I’m not going to try to define complementarianism here, though I previously objected to a definition of complementarian which was alleged to include my own position. This is because I don’t believe that men and women are the same. They are not. I simply believe that either a man or a woman may have any set of gifts, and if they do, they should make use of those gifts as God’s servants. I’m stating this in church terms, but I hold the same view in society in general. The issue for me is not how many of what hold what position or job; rather, the issue is whether a person who has certain gifts can fully exercise those gifts.

Now specifically in the church I think there should be less difference between the practice of the complementarian and egalitarian positions than there is, assuming we both take the same view of authority that Jesus did. “The greatest among you will be your servant” (Matthew 23:11 NRSV). In the church, this issue should not be one of seeking power. I think God, through Jesus Christ, has set the goal, which is leading with grace. That means that Christian leadership, no matter who exercises it, should be based in service. Those who follow leaders in the church should be doing so because they respond to that grace, demonstrated in being the servant of all. To whatever extent the battle over gender equality in the church is a struggle for supremacy, rather than for servanthood, it’s on the wrong track.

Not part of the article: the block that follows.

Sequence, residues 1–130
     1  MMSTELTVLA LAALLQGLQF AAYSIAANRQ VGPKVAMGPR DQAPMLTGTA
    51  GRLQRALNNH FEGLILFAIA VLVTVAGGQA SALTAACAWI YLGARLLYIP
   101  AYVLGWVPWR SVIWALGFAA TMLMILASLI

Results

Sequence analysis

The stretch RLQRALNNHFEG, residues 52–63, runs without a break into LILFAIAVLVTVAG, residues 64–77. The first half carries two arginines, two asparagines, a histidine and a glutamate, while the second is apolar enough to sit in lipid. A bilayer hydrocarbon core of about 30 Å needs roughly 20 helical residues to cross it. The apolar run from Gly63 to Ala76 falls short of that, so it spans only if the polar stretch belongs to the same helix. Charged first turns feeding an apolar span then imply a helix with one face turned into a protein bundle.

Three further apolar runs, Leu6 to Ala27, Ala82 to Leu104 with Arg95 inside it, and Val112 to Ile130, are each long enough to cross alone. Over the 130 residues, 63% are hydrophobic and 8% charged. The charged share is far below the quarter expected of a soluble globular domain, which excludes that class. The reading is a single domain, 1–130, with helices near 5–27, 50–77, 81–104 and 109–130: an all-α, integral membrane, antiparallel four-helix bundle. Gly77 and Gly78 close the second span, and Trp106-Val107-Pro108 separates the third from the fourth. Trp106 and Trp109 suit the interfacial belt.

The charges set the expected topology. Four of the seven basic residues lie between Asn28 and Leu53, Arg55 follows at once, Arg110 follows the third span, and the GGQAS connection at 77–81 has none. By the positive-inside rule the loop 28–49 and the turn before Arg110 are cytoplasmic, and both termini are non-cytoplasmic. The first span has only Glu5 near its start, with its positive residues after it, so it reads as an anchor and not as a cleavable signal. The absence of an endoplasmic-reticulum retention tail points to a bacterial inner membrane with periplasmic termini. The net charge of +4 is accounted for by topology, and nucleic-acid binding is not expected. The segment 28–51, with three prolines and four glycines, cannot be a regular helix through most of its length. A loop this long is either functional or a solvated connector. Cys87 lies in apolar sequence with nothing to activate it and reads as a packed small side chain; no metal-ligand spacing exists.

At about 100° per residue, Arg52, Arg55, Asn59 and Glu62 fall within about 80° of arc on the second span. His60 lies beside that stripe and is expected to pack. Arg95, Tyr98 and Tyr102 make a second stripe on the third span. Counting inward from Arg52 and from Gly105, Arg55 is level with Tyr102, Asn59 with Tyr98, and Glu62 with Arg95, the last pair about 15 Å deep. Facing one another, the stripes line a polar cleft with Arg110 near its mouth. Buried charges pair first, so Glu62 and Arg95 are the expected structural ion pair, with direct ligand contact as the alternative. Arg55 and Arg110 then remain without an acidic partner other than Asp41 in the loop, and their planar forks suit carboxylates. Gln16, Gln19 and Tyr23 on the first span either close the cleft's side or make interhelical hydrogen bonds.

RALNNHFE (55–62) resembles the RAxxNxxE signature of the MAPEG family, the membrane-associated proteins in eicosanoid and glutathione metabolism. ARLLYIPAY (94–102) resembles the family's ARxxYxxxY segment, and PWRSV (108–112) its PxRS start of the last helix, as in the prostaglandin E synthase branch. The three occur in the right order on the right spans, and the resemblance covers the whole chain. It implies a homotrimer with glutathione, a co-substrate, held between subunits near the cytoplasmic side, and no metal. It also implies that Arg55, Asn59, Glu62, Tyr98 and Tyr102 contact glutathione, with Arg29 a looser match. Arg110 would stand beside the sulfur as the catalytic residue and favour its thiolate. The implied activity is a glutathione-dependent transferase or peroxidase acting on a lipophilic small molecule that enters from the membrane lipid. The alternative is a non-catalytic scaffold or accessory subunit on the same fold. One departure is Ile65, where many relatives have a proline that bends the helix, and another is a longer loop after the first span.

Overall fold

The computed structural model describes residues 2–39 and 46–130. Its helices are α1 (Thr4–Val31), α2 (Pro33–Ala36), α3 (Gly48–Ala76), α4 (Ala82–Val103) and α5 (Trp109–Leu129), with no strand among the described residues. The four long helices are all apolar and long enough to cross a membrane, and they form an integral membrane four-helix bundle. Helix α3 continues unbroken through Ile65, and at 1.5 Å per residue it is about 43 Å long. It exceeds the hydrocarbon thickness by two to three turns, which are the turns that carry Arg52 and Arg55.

I don’t mean by this that those who are suppressed or oppressed in churches by leaders who seek power should just roll over. What they should do is either follow servant leaders or become servant leaders themselves. Move on to where you can do that! Let those who seek power exercise it over empty buildings if they must. Let’s live as servants in the world and be a servant church.

Ephesians 2: The Radical Nature of the Gospel

Ephesians 2: The Radical Nature of the Gospel

As I’ve been reading this passage repeatedly this week, I have been repeatedly struck by the radical nature of what Paul is saying here. I’m surprised we don’t spend more time on it, because it seems to me to clarify many things that are left unclear in Galatians and Romans.